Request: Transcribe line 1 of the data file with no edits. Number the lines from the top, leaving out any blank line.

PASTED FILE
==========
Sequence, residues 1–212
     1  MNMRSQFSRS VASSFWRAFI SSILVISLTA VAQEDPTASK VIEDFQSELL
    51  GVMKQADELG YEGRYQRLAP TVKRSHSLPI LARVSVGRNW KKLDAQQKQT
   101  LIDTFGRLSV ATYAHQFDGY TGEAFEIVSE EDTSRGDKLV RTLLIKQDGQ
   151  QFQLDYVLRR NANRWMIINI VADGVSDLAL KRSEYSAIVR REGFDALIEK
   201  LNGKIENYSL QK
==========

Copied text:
Sequence, residues 1–212